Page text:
A team of astronomers based at the European Southern Observatory have announced the discovery of more than 50 new exoplanets orbiting nearby stars.  This is the largest number of such new worlds ever announced at one time.  One of these planets may enjoy conditions favorable for life on its surface.

Image of HD 85512 b

This artist’s impression shows the planet orbiting the Sun-like star HD 85512. (Image credit: ESO/M. Kornmesser)

The planets were found using the HARPS instrument on the 3.6m telescope at ESO’s La Silla Observatory. The HARPS (High Accuracy Radial velocity Planet Searcher) instrument is a very high resolution spectrometer used to measure the motions of a star with extraordinary precision. A planet in orbit around a star causes the star to regularly move towards and away from observers on Earth. Due to the Doppler effect, this back and forward movement causes a shift of the star’s spectrum towards longer wavelengths (called a redshift) as it moves away and towards shorter wavelengths( blueshift) as it approaches. This tiny shift of the star’s spectrum can be measured with HARPS and used to infer the presence of a planet.

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One newly discovered planet, HD 85512 b, is best hope found so far for a habitable exoplanet. HD 8512 b is thought to be only 3.6 times the mass of the Earth and is located at the edge of its star’s “Goldilocks zone”, the narrow zone around a star where water may be present as a liquid on a planet’s surface if the conditions are right. The planet orbits the star HD 85512 which is 36 light years away in the southern hemisphere constellation of Vela (the Sail). HD 85512 is a K class star, older and somewhat hotter and brighter than the Sun. This planet is one of sixteen super-Earths (very large terrestrial- as opposed to gas giant- planets) discovered by HARPS.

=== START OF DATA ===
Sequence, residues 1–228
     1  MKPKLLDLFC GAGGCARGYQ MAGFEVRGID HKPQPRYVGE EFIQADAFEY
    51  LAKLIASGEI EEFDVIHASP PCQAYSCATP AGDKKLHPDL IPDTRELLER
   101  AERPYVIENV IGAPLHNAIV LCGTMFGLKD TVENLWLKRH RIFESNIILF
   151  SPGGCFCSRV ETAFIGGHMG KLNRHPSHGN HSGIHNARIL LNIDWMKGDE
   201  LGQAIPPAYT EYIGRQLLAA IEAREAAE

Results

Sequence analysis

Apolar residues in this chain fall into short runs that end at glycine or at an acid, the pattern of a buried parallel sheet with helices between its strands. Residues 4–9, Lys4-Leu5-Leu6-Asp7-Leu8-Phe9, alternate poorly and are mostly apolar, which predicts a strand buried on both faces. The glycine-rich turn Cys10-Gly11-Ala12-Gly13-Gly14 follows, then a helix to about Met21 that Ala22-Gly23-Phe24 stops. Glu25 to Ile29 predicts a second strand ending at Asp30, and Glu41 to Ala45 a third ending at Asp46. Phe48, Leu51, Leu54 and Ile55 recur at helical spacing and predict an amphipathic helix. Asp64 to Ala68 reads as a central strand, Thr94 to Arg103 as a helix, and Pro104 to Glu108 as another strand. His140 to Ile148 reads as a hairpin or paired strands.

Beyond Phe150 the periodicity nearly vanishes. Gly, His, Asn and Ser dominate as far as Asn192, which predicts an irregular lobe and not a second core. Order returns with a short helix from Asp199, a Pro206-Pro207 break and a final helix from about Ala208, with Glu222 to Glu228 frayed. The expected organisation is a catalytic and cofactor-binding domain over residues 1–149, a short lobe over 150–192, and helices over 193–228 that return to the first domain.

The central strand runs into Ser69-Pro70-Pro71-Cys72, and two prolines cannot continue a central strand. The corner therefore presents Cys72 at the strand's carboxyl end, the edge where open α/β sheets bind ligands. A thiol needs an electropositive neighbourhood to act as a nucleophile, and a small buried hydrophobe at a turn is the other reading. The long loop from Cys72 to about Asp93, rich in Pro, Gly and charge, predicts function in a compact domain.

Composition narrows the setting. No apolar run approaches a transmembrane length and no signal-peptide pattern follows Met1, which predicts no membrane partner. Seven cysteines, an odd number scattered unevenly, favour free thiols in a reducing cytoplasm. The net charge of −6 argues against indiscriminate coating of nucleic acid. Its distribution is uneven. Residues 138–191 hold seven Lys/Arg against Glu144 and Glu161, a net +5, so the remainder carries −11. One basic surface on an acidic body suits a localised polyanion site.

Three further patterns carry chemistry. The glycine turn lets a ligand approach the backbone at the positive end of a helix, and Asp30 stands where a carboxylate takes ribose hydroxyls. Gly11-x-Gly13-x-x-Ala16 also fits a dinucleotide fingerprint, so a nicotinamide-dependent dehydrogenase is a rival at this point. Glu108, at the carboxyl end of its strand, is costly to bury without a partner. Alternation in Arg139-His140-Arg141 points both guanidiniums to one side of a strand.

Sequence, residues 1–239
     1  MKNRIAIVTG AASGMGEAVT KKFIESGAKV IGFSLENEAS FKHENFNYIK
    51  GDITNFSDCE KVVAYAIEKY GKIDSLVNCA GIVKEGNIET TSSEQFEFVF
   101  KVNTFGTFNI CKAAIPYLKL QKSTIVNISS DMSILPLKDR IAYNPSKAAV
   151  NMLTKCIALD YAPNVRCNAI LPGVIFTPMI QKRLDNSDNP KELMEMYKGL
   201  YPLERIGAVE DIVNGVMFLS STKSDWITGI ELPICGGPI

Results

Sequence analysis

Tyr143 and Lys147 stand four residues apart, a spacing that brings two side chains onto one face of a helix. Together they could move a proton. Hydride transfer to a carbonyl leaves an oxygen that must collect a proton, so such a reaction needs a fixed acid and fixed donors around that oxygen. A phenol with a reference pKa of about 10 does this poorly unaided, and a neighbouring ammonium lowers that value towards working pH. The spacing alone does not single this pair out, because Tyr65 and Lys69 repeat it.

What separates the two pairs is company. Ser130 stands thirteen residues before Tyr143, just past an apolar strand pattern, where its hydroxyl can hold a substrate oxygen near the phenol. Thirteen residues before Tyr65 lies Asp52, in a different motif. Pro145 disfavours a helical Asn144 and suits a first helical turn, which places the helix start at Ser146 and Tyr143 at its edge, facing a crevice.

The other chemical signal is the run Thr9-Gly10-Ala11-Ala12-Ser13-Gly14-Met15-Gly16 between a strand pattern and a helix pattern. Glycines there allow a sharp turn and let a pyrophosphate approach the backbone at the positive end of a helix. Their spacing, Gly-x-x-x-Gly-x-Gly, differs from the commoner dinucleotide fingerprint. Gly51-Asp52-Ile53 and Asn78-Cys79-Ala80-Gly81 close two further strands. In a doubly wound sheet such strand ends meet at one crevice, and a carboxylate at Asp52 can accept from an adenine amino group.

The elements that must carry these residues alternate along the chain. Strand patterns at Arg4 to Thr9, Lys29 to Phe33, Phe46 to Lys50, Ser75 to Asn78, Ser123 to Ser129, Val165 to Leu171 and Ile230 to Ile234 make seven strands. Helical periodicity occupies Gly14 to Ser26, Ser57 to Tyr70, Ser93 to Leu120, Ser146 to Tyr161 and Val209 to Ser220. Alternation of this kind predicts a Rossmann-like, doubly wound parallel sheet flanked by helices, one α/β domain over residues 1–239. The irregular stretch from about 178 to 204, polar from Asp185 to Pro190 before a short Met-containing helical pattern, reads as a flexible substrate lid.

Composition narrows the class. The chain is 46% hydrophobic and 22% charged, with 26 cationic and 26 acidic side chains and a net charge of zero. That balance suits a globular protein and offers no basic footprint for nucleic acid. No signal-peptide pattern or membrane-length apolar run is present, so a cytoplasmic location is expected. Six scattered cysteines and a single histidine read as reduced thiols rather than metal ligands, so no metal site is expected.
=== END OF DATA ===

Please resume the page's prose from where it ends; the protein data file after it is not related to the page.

The HARPS team so far have found that about 40% of stars similar to own Sun have at least one planet smaller than Saturn (which is 95 times more massive than Earth). The majority of exoplanets of Neptune mass (about 17 times the size of Earth) or less seem to be in systems with multiple planets. Planets seem to be common out there and abodes for possible life seem to be not particularly rare. So where is everybody?


David Jones · October 5, 2011 at 22:01

Where is everybody?

You must have read Ward and Brownlee’s Rare Earth.

Maybe we’re more unusual than Drake and Sagan thought.

    admin · October 6, 2011 at 20:04

    I agree, I doubt if there are many habitable (to you and me) worlds in the Milky Way.

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